Corporate social responsibility – in all its many forms – has not entirely been forgotten despite the continued focus on cutting the costs of travel
Green Sky London
BA’s flagship environmental project is creating Europe’s first facility that will be able to turn carbon-rich household waste into biofuel for aircraft.
The airline has partnered with green technology firm Solena Fuels Corporation to build the plant on a disused industrial site in Essex, scheduled to open in 2017.
The facility will be able to convert around 500,000 tonnes of waste, which would otherwise be sent to landfill sites, into 50,000 tonnes of low-carbon jet fuel every year.
BA has guaranteed that it will purchase the plant’s total output of biofuel for the first ten years of operation at market prices – worth a total of around US$500 million at today’s fuel prices.
The project, which is costing around £220 million, will also produce 50,000 tonnes of biodiesel per year, as well as 20,000 tonnes of bionaphtha, which can be used to make renewable plastics or blended into other fuels, and 11 megawatts of renewable power which can be fed into the National Grid.
BA and engine manufacturer Rolls-Royce are also working together on an alternative fuels programme, which is in its testing phases. This project has been developed with Roundtable on Sustainable Biofuels and the UK’s National Non-Food Crops Centre.
The biofuels specialist, originally set up in New Zealand in 2005, has patented micro-organism technology to make ethanol from waste carbon monoxide (CO) gases from heavy industrial plants.
The ethanol can then be converted into jet fuel. The firm has teamed up with Virgin Atlantic on a sustainable jet fuel project, which has already won awards for both companies.
The CO gas would otherwise be flared off into the atmosphere as carbon dioxide. This ‘gas fermentation’ technology captures, and then ‘recycles’, the waste carbon to create fuel.
Virgin and Lanzatech claim the fuel can be produced at commercially viable cost and scale, and give the example of waste gas from steel mills: they say if the technology were applied to all suitable steel mills worldwide, it could supply 19 per cent of the world’s commercial aviation fuel demand.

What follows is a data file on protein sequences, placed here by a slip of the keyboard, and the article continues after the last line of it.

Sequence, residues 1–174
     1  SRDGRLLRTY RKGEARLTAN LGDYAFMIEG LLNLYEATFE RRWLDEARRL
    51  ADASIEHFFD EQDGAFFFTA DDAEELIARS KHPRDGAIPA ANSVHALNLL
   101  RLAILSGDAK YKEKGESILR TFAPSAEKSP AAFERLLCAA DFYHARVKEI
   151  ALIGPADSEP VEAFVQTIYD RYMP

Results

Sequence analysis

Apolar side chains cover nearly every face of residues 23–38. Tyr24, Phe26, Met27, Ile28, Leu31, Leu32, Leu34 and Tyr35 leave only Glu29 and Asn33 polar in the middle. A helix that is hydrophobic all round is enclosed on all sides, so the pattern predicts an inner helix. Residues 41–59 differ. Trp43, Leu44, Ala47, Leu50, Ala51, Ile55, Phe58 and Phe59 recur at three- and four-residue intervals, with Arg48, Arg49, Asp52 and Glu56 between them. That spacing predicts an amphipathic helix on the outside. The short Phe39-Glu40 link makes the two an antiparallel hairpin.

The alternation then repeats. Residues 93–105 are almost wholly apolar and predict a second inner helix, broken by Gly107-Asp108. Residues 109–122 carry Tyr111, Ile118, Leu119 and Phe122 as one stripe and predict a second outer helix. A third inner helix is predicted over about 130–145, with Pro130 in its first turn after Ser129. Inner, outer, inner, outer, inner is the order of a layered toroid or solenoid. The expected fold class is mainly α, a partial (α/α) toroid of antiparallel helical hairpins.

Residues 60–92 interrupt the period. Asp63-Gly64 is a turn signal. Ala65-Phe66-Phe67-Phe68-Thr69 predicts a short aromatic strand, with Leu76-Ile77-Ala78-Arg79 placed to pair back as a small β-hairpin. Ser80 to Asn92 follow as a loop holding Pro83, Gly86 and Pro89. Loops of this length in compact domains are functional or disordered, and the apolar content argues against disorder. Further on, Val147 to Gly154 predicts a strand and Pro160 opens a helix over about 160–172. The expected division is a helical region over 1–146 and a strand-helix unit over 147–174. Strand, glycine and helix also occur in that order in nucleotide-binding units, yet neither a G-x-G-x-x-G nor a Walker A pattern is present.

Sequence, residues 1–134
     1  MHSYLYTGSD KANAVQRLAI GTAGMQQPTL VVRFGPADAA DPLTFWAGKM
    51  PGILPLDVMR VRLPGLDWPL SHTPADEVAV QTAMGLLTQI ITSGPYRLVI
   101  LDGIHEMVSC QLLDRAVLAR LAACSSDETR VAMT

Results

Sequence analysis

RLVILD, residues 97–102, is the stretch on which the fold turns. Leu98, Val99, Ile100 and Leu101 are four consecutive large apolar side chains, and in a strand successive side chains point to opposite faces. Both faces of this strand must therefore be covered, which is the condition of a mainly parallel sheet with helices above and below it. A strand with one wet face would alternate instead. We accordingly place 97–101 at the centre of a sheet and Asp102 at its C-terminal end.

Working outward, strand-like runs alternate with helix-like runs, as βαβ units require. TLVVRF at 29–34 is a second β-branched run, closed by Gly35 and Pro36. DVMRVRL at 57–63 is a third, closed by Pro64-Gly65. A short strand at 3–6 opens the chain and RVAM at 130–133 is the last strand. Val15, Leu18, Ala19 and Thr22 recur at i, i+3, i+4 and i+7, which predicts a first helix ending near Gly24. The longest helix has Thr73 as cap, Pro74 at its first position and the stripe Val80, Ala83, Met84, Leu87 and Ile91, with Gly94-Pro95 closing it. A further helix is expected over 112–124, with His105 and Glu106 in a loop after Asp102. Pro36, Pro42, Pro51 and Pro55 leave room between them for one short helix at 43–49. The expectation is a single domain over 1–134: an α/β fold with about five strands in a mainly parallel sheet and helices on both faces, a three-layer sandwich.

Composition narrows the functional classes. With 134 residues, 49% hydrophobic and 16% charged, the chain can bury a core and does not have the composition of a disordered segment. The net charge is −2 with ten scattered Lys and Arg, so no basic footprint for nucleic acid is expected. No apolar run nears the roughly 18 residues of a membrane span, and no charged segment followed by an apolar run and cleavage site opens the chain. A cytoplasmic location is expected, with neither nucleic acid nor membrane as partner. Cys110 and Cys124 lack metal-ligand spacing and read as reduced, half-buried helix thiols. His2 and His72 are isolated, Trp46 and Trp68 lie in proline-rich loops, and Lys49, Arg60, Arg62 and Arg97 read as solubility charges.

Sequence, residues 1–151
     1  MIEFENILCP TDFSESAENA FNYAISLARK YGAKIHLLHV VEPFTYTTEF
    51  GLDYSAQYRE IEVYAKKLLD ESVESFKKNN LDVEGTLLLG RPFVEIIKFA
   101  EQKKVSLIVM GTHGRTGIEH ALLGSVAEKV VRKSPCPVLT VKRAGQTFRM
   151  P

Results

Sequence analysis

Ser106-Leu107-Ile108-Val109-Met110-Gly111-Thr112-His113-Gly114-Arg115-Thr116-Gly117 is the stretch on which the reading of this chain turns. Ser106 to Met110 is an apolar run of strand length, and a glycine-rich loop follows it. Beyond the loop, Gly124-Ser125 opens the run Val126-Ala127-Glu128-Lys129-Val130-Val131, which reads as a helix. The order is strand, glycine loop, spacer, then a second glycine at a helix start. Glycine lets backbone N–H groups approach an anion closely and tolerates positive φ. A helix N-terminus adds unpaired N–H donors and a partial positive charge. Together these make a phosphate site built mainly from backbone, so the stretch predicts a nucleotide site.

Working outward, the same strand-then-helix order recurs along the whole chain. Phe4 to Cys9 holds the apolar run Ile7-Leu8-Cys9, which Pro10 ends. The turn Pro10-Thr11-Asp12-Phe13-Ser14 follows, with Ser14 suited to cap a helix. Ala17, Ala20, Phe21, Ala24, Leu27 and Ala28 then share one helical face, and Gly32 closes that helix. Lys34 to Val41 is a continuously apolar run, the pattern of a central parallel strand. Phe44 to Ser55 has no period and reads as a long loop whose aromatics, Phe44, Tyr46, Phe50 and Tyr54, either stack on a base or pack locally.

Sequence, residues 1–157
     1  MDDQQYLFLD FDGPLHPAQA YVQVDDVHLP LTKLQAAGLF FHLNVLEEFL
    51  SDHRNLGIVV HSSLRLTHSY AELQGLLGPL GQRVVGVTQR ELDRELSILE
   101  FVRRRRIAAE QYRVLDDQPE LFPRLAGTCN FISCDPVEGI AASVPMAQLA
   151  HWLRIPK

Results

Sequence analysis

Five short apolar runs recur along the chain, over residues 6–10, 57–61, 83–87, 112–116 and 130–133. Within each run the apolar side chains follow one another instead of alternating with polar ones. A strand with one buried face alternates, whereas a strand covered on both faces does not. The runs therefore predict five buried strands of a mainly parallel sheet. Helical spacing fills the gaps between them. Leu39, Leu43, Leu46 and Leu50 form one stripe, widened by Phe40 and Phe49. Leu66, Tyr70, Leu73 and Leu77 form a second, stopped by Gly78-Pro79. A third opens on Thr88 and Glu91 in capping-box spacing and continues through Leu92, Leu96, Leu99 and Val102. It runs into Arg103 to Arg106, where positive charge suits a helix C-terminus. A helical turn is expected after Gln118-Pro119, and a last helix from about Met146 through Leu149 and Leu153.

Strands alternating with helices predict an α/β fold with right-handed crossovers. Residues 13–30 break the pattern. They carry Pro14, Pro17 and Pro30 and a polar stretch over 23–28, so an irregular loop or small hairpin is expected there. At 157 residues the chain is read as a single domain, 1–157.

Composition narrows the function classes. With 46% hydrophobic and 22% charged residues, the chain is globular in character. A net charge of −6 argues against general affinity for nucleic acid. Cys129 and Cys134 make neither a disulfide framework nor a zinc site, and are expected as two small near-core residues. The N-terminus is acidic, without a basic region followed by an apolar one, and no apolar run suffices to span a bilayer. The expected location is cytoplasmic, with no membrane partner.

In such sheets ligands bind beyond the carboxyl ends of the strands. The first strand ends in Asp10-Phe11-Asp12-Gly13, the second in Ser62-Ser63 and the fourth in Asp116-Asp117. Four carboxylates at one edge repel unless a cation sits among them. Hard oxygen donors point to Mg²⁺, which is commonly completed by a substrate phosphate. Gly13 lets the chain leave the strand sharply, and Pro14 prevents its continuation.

Emma Harvey, Virgin Atlantic’s head of sustainability, said: “People often assume that sustainability and aviation are a contradiction in terms, but we’re demonstrating that it is possible to pursue ground-breaking low-carbon solutions for our business, while preserving the significant social and economic benefits that aviation brings.”
Senior Director, EMEA, CWT Solutions
TMCs are often accused of being reactive rather than proactive, but as their future and value become increasingly questioned by both buyers and other suppliers, TMCs are stepping up their game – particularly in the growing field of consulting.
A classic example of this is CWT’s Travel Stress Index, a project headed up by Lebunetel. The Stress Index looks at the potential stress caused to a traveller through up to 22 activities associated with a business travel trip, from making the initial booking to getting their trip expenses paid by the employer on their return to the office.
This initiative comes at a time when duty of care and traveller well-being has been rising as one of the main priorities for buyers. CWT has spent 18 months building the tool, which uses data from 15 million transactions to produce an individual travel stress index rating out of 100 for each company, which can then be benchmarked across similar firms within their sector.
The TMC is so proud of the Stress Index, it has applied for a patent for the process.